Market Finds – Delightfully devilish hot hatches
1990 VW Golf GTi
While not the absolute first ‘hot hatch’, the VW Golf was undoubtedly responsible for kick-starting the craze. An ordinary family hatchback boasting a potent Audi-derived engine, stiffer suspension and ‘go-faster’ styling (not to mention retaining the solid German build-quality), the Golf GTi brought performance driving to the masses. And when the MK2 version arrived, it followed its prececessor’s recipe to the book. This 1990 model – finished in rare ‘Calypso Green’ – was obviously someone’s pride and joy, as it’s in true time warp condition. We challenge you to find a better unrestored example…
1979 Talbot Sunbeam Lotus
When you spy a Lotus badge adorning the bodywork of a relatively nondescript-looking car, you know its driving experience is going to defy its appearance – think Ford Cortina and Vauxhall Carlton, and you get the idea. The folks at Hethel also breathed their magic on the lesser-known Talbot Sunbeam, providing the 2.2-litre four-cylinder from the S2/3 Esprit and a (crucial) helping hand in the design of the suspension and exhaust systems. An early face on the hot hatch scene, the Talbot Lotus Sunbeam proved a successful recipe, earning Talbot the World Rally Championship in 1981 and, in road form, selling in abundance. This left-hand-drive 1980 model for sale in Finland is delightful, and about as original as you could realistically hope.
1989 Peugeot 205 GTI 1.6
Debate will forever rage as to whether the 1.6- or 1.9-litre Peugeot 205 GTI is the one to have. Given that most GTIs have been raped to some extent (this was the eighties after all), we’d happily settle for an unmolested example of either. Many would argue that Peugeot has never bettered the 205 GTI in terms of its undiluted and utterly joyful driving experience. Over the course of this car’s 79k-mile life, it’s been lovingly maintained, boasting all of its invoices and remaining totally original. It’s currently for sale in France and represents an entire generation – as well as the birth of a phenomenon that continues to this day. And if that’s not enough to persuade you, perhaps the French yellow-tinted fog lights will….
1981 Renault 5 Turbo
At just 970kg and with a mid-mounted, 160HP turbocharged 1.4-litre four-pot engine sending power to the rear wheels, the Renault 5 Turbo was a potent little car, capable of embarrassing even the handiest of drivers. Anyone who’s witnessed Jean Ragnotti doing pin-perfect pirouettes in his Maxi Turbo at Goodwood will wholly appreciate this car’s appeal. Prices of these pocket-rocket homologation specials have skyrocketed in the last few years, and you’re talking at least £65,000 for a decent first-gen example. This ‘Olympic Blue’ R5 Turbo (complete with equally dazzling blue and red interior) has covered just 36k miles, and looks to be in great condition. Just remember – you are not Jean Ragnotti…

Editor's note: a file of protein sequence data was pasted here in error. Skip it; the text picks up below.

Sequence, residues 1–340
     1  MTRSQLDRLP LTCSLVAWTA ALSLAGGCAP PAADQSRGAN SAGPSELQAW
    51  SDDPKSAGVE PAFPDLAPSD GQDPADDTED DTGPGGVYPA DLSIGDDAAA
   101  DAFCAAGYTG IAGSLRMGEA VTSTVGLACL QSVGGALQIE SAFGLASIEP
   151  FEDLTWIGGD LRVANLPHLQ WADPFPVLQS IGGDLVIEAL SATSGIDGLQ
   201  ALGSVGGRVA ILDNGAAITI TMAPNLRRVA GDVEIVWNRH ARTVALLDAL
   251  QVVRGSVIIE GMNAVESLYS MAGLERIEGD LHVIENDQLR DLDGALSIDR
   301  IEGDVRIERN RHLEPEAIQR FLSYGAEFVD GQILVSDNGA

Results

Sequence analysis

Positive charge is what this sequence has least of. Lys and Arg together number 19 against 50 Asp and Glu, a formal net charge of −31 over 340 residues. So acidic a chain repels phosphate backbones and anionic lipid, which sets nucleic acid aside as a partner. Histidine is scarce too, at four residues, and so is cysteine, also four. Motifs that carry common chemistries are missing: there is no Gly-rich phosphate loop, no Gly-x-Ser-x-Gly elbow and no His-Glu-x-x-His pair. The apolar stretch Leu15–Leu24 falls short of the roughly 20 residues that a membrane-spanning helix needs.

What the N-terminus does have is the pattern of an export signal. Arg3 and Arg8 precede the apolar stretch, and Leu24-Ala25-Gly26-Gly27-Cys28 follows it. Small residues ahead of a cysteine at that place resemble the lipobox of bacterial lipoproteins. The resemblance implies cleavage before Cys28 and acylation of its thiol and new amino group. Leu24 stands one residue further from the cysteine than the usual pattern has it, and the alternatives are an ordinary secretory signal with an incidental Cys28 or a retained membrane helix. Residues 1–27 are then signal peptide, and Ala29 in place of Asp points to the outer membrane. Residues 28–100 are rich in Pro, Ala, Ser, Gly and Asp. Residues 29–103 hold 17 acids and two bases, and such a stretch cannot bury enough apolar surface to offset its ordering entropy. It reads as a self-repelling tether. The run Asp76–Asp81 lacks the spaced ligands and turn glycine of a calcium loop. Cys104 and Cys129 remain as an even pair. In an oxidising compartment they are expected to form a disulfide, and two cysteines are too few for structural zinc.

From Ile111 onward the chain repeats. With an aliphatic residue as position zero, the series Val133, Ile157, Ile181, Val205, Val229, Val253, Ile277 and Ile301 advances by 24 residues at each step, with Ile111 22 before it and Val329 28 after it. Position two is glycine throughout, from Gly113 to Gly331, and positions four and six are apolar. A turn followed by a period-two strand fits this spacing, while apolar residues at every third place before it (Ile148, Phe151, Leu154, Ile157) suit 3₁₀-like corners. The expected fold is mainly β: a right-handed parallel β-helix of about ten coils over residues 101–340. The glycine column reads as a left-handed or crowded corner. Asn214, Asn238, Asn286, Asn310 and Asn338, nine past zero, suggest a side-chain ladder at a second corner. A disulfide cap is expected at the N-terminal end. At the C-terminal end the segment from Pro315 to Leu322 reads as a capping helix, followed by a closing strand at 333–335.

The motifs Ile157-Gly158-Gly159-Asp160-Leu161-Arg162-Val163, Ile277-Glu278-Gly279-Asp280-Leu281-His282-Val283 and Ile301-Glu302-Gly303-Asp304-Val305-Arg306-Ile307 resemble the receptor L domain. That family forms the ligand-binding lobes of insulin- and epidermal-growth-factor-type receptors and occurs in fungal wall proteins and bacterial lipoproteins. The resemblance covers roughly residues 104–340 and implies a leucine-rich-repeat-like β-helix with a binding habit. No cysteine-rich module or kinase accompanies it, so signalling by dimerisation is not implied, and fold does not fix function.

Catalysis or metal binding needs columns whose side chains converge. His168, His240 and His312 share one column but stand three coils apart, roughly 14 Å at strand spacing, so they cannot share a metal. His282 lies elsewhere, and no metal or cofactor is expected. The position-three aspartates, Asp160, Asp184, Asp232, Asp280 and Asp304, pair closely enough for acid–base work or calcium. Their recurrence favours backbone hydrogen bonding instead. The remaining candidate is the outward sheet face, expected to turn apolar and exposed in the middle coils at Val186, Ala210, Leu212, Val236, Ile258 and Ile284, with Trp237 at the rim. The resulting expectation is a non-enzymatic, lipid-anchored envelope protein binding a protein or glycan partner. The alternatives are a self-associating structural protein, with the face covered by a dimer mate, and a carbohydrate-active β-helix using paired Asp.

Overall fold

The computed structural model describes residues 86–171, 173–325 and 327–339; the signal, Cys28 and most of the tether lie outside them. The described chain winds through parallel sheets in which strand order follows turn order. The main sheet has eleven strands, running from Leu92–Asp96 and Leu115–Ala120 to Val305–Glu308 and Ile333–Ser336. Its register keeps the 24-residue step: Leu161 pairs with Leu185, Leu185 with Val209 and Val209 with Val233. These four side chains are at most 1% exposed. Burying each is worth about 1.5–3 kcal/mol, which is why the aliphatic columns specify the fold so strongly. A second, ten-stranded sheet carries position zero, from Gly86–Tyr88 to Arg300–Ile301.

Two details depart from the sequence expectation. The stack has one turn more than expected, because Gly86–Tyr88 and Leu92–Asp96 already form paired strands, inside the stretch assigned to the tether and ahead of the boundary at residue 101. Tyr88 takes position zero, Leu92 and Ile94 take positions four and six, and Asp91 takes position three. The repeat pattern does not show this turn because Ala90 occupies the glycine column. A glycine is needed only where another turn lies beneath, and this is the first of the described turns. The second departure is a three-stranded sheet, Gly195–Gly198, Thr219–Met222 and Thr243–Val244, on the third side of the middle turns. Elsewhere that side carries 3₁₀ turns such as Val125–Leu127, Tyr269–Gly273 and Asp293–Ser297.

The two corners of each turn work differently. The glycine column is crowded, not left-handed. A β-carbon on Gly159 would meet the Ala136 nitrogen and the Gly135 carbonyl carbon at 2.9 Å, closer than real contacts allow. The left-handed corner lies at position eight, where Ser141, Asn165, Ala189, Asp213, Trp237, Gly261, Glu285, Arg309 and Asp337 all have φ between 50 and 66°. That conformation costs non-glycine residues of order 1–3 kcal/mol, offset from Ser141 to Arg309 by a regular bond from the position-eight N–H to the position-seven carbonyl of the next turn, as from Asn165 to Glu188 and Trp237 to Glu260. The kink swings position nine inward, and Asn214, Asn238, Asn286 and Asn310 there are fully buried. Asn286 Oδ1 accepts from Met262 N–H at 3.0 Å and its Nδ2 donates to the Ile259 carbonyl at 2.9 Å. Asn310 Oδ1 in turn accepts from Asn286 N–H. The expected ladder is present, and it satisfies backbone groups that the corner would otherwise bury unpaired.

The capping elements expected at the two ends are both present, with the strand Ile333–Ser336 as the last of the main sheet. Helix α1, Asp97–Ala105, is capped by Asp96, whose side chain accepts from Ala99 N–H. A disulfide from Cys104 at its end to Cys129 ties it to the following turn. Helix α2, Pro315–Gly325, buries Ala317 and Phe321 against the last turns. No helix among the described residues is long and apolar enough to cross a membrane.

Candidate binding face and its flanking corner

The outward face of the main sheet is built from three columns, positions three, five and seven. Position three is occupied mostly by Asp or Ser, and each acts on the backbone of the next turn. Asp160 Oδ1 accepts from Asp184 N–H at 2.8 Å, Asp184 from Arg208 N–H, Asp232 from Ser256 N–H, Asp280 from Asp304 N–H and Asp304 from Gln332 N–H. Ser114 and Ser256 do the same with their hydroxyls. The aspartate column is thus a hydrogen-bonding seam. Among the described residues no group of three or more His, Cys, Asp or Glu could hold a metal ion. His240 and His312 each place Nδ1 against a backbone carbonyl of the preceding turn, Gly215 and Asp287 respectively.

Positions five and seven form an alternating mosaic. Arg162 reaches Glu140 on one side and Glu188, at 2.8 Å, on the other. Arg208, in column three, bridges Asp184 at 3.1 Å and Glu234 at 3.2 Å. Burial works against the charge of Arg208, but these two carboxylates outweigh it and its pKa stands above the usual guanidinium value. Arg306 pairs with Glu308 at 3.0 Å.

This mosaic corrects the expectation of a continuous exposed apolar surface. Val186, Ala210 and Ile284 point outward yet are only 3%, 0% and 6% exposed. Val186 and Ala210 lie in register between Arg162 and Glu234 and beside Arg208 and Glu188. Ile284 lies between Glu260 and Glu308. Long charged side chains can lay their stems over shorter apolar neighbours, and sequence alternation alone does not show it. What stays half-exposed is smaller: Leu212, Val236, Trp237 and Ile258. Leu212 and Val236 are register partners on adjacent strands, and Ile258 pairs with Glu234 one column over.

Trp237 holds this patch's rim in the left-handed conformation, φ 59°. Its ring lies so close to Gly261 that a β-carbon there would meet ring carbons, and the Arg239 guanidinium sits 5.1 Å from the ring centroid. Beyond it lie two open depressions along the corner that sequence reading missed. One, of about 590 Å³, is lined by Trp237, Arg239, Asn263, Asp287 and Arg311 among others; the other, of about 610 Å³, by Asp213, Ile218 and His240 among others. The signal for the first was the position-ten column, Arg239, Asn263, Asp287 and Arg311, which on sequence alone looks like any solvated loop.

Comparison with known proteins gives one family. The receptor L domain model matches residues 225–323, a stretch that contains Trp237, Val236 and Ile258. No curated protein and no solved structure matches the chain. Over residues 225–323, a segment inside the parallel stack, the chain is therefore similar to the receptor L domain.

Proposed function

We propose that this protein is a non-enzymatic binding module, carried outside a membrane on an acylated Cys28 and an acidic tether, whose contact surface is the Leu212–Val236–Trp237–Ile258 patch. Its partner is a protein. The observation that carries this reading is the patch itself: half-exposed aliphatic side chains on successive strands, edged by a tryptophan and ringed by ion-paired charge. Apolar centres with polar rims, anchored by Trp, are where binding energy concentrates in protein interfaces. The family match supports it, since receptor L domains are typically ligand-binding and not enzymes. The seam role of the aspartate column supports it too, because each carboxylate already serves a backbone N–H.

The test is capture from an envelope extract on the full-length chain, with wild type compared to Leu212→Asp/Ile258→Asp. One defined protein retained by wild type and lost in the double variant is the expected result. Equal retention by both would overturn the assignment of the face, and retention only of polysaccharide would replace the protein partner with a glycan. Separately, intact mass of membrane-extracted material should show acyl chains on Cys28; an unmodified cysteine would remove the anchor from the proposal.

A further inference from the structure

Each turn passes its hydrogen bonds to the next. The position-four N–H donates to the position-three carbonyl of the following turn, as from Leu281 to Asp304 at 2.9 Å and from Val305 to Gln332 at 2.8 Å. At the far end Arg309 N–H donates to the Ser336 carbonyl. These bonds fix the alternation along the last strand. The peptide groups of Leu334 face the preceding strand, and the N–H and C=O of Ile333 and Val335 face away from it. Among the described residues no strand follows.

1992 Lancia Delta Integrale Evo I Martini 6
The Lancia Delta Integrale’s six World Rally Championship victories from 1987 to 1992 inspired various special edition versions of the road-going car, including the ‘Martini 6’. Built towards the end of the 1992 season in commemoration of championship number six, it boasted a Martini Racing livery, a unique teal Alcantara interior and an individually numbered plaque. The 44th of 310 produced, this particular Martini 6 was ordered new by the Fiat group, it is believed for the use of Eduardo Agnelli. As such, it was fitted with a host of bespoke extras by Abarth, including an electric rear spoiler, a competition suspension setup and a blueprinted engine. A unique example of a cult-classic 1980s ‘hot hatch’, it’s expected to fetch £48,000-60,000 when it goes under the hammer on 12 March.
2005 Renault Clio V6
The Renault Clio V6 appears to defy everything the road-going ‘hot hatch’ should retain, namely practicality and refinement. It is, however, fast. Lurking behind you in place of the rear seats is a 3.0-litre V6 engine developing 255bhp that, at the time of its launch in 2003, made the Clio the most powerful hatchback in the world. This car is the more sought-after Phase 2 model, with which Renault – with a little help from Porsche – addressed the widely criticised handling of the Phase 1. In many ways it is the spiritual successor to the aforementioned Renault 5 Turbo, entirely superfluous but so much better for it. Modern classic? We think so.